The length λ of adjacent path increments may be chosen to analyse tortuosity across different length scales. A linear scaling of angle θ for small increments λ has been shown by Bos et al. (2015) to follow directly from the smoothness of the trajectories. They used second-order Taylor expansion, assuming that the velocity (here, speed of the ant) is constant for small increments. This approach has been fruitful in the time domain, where multiscale analyses of processes from molecular motion (Burov et al., 2013) to football games (Kadoch et al., 2017) have provided significant insights. In the present work, we replaced the time domain by the spatial domain and identify the arclength of trajectory increments with distance. For easier reading, we shall abbreviate the arclength of trajectory increments as trajectory or path increments.

In this study, we observed characteristics of the multi-scale structure of approach and search trajectories that have not been evident in the analysis methods used so far. Specifically, we analysed features of the ant trajectories demonstrated by multiscale analysis such as Brownian motion, the role of experience for trajectory characteristics, and apparent adjustment of search density according to experience and motivation, particularly close to the assumed goal position.

Recording ant walking trajectories

Trajectories of the desert ant species Cataglyphis fortis (Forel, 1902; Wehner, 1983) were evaluated. They had been recorded in the context of a previous research project (Pfeffer et al., 2015, see their fig. 1). Details of the experimental procedures are provided in that publication.

In brief, an invisible feeding site was established at a distance of 10 m from the nest entrance. The sparse feeder contained five biscuit crumbs, the plentiful feeder many (>800). After picking up a food item, the ants started their home run and usually soon re-appeared to exploit the feeding site further. Ants visiting the feeder were marked with a colour code for individual identification. Each (thus marked) ant was used only once to record its approach and subsequent search path. That is, the number of evaluated trajectories equals the number of experimental ants (Table 1).

To record walking trajectories, 2×2 m grids were painted on the desert floor, their total dimensions 20×20 m. To record nest searches, we captured ants that had taken up a food item directly on the feeder and transferred them to a remote test field. Both the ants' homing runs with the food morsel to the fictive nest site and their subsequent nest search behaviour were documented. To record food site searches, the painted recording grid was centred on the feeding site, with the feeder removed in test situations (Wolf, 2008). Walking trajectories were traced on graph paper while following and observing an ant during its approach to and search for the feeder. Recording time was 2.5 min after an ant had started its search.

We considered an individual ant as inexperienced if its search behaviour was examined directly after the first visit to the feeder, that is, it did not have previous experience with the feeder location. This was true for both return to the nest and subsequent revisit of the feeding site. Experienced ants had visited the feeder and thus covered the nest–feeder route at least five times before they were tested, and usually more often (Wolf and Wehner, 2005; Wolf, 2008). We thus recorded approach and subsequent search trajectories for three different types of goals: the nest, a sparse feeding site and a plentiful feeding site. Each of these goal types was examined for inexperienced and experienced foragers, resulting in six experimental groups, with both approach and search examined. These groups and their abbreviations throughout the following text are listed in Table 1.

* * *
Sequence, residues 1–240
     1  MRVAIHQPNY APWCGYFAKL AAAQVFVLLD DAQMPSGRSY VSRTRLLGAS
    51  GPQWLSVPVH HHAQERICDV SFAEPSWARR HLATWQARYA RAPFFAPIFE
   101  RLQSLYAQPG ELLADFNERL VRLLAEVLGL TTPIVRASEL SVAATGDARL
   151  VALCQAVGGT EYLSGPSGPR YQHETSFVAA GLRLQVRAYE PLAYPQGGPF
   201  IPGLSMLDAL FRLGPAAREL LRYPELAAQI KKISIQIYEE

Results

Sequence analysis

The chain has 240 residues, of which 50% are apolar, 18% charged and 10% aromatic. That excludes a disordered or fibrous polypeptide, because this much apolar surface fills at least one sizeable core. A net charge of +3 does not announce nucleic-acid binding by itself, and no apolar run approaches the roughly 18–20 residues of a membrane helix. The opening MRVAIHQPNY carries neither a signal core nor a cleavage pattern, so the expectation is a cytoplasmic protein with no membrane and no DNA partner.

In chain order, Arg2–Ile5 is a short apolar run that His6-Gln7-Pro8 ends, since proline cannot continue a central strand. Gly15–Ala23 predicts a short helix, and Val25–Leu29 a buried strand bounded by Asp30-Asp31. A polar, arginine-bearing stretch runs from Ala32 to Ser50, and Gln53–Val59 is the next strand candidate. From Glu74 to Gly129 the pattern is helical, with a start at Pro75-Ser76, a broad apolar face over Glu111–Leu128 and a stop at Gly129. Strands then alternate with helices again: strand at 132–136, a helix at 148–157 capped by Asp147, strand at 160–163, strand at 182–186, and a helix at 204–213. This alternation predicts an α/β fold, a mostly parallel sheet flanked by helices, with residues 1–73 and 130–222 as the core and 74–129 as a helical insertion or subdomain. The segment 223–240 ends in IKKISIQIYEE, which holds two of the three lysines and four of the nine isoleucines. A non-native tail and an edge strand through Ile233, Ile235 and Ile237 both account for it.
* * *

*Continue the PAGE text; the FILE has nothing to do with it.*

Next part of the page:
The recordings of goal approach and search behaviour on graph paper were digitised on a graphics tablet (Wacom Intuos 3, Wacom Europe GmbH, Krefeld, Germany). We evaluated separately the rather straight approach to the goal – nest or feeder – and the spiralling search behaviour. To separate approach from search trajectories, we identified the first conspicuous turning point in the recorded runs. This was defined as the point of the walking trajectory where an ant started to deviate from its current path direction by at least 30 deg and did not revert to the previous path direction for at least another 3 m (e.g. Merkle et al., 2006; Merkle and Wehner, 2010; arrow in Fig. 1A). The resolution of the recordings after digitisation, determined as the distance between neighbouring points of the digitised trajectory, was between 4 and 10 cm. It was thus commensurate with estimates of the recording accuracy on graph paper (p. 29 ff. in Bolek, 2012). All search trajectories were evaluated up to 12.80 m from the start, commensurate with the length of the shortest recorded search, to provide equal trajectory lengths for the 141 search path records. The corresponding approach path segments were often shorter because nest–feeder distance was 10 m.